The family feed their calves on an Urban calf feeder for 70 days and wean them gradually.
They retain 35 Holstein Friesian and Holstein Friesian-cross British Friesian males to sell as stock bulls on-farm.
They also attend the IHFA sale in Nenagh and Cork Holstein Club’s sale in Bandon and Breeders’ Club sale in Kilmallock Mart for bulls.
“We received numerous good prizes in Nenagh, Kilmallock and Bandon.”
“We sell about 25 bulls at home, so there would be farmers coming back again, and we appreciate it.”
“It is great to see them coming back. They are happy with what they get and how the stock is doing.”
The father and son team sell the remainder of males “from lesser-quality cows” at three weeks to an exporter.
They sell 20 in-calf heifers at the Proven Protein Sale in Kanturk Mart, in conjunction with Denis Barrett Auctioneers or on-farm.
They retain 38 heifers to calve down at 22-24-months-old.
“We hope to have another twenty heifers to sell in the springtime.”
“The open day was a great advertisement for our stock, and it showed off the kind of stock we had on June 27th, 2019.”
“We have had more heifers to sell in recent years with sexed-semen, and since cow numbers increased, we have more bulls.”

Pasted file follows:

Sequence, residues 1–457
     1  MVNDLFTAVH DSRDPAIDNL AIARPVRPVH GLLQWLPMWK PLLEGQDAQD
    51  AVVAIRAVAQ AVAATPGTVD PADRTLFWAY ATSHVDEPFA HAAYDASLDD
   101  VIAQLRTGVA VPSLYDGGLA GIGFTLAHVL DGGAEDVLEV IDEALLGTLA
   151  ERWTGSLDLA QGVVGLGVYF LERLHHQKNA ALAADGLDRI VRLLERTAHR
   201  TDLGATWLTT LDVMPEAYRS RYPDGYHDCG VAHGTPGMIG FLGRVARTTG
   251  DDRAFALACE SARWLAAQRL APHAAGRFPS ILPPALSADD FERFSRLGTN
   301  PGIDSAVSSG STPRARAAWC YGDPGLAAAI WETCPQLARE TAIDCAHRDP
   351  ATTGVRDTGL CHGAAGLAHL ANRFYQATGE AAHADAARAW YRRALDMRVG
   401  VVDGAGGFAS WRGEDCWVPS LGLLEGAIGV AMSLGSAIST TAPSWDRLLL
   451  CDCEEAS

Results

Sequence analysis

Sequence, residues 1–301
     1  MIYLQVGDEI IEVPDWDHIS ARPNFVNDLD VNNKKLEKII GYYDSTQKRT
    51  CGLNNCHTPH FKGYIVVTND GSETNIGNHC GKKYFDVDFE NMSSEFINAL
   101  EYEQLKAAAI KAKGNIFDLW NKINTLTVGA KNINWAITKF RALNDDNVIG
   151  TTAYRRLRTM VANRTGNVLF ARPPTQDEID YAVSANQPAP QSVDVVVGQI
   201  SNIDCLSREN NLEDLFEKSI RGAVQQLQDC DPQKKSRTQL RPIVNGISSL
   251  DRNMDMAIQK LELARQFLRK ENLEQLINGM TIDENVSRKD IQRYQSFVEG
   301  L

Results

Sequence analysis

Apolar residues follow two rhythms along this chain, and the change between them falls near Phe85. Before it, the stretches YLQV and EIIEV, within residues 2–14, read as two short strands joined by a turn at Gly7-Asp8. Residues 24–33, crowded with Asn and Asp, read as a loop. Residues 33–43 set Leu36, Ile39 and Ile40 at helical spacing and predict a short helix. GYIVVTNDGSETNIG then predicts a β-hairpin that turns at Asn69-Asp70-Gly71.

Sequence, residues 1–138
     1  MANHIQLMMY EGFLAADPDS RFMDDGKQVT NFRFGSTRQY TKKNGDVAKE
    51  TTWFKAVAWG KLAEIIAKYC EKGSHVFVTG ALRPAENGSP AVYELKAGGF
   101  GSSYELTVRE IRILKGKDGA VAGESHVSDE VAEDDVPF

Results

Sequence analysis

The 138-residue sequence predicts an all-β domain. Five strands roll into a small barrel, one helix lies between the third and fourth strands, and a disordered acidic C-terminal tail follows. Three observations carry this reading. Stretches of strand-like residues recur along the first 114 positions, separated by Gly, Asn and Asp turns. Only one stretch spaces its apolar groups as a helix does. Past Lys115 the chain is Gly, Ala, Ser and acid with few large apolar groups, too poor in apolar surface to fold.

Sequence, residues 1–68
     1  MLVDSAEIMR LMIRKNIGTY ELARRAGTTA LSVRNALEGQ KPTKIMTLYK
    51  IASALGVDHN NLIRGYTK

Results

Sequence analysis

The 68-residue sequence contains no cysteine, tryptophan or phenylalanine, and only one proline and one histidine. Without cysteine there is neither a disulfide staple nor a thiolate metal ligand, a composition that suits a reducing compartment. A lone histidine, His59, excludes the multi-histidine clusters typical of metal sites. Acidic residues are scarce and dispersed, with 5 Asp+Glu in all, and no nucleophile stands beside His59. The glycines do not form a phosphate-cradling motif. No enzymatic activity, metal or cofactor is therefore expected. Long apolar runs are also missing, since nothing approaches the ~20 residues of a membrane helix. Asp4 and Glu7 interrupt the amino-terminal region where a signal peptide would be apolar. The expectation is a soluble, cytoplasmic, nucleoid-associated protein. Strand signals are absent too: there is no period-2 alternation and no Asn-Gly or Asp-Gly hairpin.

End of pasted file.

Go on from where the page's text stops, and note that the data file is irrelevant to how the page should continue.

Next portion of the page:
The father and son operation bring cull cows through to slaughter or sell them at Kanturk Mart.
He secured an average of €1,000 and a range of €950-€1,140 for eight cull cows at Kanturk Mart between 600-700kg this year.
He culls cows if they do not go-in-calf or develops different issues.
Grassland management and infrastructure
The father and son duo believe grassland management is “king” and reseed, top, and fertilise their land as required.
They manage their paddocks by measuring them with their eye, allocating three twelve-hour grazing’s per field (36-hour-grazings) and not using strip wires when enough grass is available.
Henry’s father used a 6-unit Dairymaster Herringbone milking parlour. Then, in 2000, he built a 12-unit Dairymaster with automatic cluster removers.
“It is an easier system to operate. You were spending too much time in the parlour. It was old, and it needed upgrading.”
“It is sufficient for the cow numbers we have, and it takes 90 minutes in the morning and 70 minutes in the evening.”
Other infrastructure includes a 114-cow cubicle shed, a 45-cow cubicle shed for yearling heifers, a selection of sheds for bulls, calving, plus a new calf shed built in 2018.